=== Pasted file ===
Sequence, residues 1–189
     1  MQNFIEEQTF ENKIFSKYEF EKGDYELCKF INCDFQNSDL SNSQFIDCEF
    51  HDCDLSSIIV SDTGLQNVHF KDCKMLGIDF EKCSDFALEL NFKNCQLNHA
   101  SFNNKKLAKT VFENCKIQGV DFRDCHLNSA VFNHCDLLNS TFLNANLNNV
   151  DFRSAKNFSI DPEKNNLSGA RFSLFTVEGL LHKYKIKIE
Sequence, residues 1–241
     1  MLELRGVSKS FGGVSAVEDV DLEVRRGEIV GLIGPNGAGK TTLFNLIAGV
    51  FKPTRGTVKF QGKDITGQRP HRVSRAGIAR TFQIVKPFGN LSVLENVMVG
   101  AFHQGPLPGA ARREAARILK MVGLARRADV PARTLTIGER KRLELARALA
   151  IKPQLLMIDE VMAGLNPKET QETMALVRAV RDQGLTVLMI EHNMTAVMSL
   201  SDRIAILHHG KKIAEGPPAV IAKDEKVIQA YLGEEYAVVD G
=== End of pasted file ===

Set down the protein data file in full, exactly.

Sequence, residues 1–189
     1  MQNFIEEQTF ENKIFSKYEF EKGDYELCKF INCDFQNSDL SNSQFIDCEF
    51  HDCDLSSIIV SDTGLQNVHF KDCKMLGIDF EKCSDFALEL NFKNCQLNHA
   101  SFNNKKLAKT VFENCKIQGV DFRDCHLNSA VFNHCDLLNS TFLNANLNNV
   151  DFRSAKNFSI DPEKNNLSGA RFSLFTVEGL LHKYKIKIE
Sequence, residues 1–241
     1  MLELRGVSKS FGGVSAVEDV DLEVRRGEIV GLIGPNGAGK TTLFNLIAGV
    51  FKPTRGTVKF QGKDITGQRP HRVSRAGIAR TFQIVKPFGN LSVLENVMVG
   101  AFHQGPLPGA ARREAARILK MVGLARRADV PARTLTIGER KRLELARALA
   151  IKPQLLMIDE VMAGLNPKET QETMALVRAV RDQGLTVLMI EHNMTAVMSL
   201  SDRIAILHHG KKIAEGPPAV IAKDEKVIQA YLGEEYAVVD G